What Does Klondike Mean to the World?

From the very beginning there’s been some confusion connected with the word “Klondike.” 

It started with new arrivals — the gold rush stampeders — who where unable to wrap their tongues around “Tr’ondëk,” the Hän word for the “area,” which translates as something like “hammerstone water.”

While the English word has become synonymous with gold, the original version was connected to the fishing practices of the Hän people, who had very little interest in the yellow metal.

The word’s connotation of wealth and success has spread around the world; major gold finds are often referred to as this-or-that country’s’ Klondike.

Early on, mercantile interests caught the Klondike – or Klondyke – wave and applied the handle to a host of products.

There were Klondike sleds. Klondike Alaska Footwear (the Klondike’s American, right?), Klondike chewing tobacco, Klondike potatoes, Klondike cheese, and the still-popular Klondike ice cream bar.

One long-lasting advertising scheme was the Klondike Big Inch Land Promotion, about which we still receive occasional inquiries at the Klondike Sun newspaper.

This was a Quaker Oats Company marketing promotion beginning in 1955, which was associated with a radio show originally called Challenge of the Yukon, later re-titled Sergeant Preston of the Yukon.

Quaker Oats, the show’s sponsor, purchased 19.11 acres of land in the territory and divided it into 21 million one-inch square pieces of the Yukon.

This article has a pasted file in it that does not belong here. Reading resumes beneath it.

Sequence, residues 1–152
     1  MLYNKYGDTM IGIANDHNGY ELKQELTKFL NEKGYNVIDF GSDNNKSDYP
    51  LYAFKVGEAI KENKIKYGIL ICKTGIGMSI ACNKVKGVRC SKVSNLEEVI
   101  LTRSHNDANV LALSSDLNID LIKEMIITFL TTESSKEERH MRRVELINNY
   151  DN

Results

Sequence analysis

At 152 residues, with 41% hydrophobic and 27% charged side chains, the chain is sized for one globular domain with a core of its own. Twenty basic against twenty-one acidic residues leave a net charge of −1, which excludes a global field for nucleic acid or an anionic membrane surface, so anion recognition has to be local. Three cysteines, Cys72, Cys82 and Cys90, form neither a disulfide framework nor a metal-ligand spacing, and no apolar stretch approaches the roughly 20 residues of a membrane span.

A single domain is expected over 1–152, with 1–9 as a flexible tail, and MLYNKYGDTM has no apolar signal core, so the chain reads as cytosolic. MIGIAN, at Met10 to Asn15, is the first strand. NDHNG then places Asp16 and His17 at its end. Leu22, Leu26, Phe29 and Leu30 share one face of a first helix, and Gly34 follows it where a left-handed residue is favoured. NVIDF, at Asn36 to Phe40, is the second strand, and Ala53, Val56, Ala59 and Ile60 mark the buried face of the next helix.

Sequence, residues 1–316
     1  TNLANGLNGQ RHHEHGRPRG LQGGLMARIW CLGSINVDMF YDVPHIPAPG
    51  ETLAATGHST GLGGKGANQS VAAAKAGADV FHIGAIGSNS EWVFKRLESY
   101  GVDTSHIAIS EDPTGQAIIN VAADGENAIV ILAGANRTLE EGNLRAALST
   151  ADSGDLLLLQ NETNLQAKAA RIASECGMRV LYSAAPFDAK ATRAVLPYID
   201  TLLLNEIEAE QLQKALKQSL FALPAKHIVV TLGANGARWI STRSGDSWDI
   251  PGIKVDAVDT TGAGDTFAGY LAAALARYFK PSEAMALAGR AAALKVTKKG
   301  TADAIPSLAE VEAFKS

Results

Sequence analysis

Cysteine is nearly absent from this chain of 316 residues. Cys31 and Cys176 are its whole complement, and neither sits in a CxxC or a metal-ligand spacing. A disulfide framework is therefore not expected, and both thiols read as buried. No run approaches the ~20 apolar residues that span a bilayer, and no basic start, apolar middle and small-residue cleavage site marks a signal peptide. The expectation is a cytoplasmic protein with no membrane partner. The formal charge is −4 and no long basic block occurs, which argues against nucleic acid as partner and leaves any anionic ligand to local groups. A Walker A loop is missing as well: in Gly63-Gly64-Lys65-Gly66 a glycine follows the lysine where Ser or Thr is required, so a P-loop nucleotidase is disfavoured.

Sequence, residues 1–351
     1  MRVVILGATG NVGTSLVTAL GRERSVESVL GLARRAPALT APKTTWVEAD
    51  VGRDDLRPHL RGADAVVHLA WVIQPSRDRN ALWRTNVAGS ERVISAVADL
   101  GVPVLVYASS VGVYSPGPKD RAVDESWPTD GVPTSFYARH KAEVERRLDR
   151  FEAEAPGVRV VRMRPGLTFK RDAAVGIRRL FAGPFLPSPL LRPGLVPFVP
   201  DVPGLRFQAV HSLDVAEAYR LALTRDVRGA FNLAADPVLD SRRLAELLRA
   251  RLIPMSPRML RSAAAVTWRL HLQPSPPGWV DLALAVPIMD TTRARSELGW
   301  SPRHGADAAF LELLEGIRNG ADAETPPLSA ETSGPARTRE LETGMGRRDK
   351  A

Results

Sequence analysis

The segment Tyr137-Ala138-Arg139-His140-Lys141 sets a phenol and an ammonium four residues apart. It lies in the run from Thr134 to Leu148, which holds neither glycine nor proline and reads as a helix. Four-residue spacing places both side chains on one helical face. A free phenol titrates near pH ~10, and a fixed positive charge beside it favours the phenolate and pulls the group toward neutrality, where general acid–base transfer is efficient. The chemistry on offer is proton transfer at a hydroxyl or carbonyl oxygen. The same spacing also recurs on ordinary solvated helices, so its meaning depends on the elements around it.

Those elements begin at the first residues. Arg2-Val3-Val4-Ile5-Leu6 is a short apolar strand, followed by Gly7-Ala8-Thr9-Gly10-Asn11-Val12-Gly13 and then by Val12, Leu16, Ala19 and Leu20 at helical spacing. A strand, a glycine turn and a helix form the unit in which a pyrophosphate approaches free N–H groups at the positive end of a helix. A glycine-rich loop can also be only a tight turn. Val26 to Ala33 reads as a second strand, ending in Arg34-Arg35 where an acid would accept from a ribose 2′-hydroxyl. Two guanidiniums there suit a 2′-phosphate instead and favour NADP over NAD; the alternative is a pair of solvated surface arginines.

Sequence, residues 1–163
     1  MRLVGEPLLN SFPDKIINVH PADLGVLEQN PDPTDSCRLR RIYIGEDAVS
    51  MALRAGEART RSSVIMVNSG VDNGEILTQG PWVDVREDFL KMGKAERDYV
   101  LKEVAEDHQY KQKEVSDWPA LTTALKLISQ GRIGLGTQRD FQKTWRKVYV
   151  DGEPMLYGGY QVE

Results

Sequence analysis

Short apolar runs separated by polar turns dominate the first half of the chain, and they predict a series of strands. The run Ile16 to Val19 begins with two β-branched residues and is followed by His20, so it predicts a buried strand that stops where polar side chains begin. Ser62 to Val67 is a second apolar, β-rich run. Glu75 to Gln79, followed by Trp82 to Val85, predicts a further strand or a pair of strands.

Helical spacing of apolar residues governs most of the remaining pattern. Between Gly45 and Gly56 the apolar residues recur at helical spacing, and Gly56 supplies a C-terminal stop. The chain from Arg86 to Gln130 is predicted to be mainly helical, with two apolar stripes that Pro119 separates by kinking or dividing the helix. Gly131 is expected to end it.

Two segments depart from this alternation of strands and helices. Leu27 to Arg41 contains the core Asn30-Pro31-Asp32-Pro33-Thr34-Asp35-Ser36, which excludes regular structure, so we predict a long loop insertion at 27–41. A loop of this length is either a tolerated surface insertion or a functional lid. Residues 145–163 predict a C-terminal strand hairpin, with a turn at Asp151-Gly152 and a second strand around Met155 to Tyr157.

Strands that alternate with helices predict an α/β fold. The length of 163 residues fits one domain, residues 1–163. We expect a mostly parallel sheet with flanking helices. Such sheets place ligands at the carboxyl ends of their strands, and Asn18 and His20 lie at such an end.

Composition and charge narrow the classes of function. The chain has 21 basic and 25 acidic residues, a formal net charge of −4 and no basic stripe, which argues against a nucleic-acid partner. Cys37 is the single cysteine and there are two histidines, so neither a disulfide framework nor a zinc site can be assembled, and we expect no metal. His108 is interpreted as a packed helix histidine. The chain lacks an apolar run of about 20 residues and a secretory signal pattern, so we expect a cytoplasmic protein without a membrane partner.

In January 1955 advertising in 93 American newspapers proclaimed, “Get a real deed to one square inch of land in the Yukon gold rush country” and, “You’ll actually own once square inch of Yukon land.”

The idea was that if you sent off the top of a box of Quaker Puffed Wheat, Quaker Puffed Rice, or Muffets Shredded Wheat, you were sent you a 5″ X 8″ deed to one square inch of land in the Klondike.

The deed was far larger than the land.

This practice was illegal in at least one state, and while the lucky owners thought they had title to a tiny gold mine, the deeds apparently did not include any mineral rights.

Unpaid taxes — common in the Klondike — reverted the land to the Canadian Government in 1965 and the Great Klondike Big Inch Land Company dissolved in 1966.

If you play a round of golf on the Dawson City Golf Course, you’re playing on the land in question.

Soon, I’ll look into the fictional accounts of the Klondike and its evocative history — up to and including the Discovery Channel’s recent mini-series of the same name.

After 32 years teaching in rural Yukon schools, Dan Davidson retired from that profession but continues writing about life in Dawson City.

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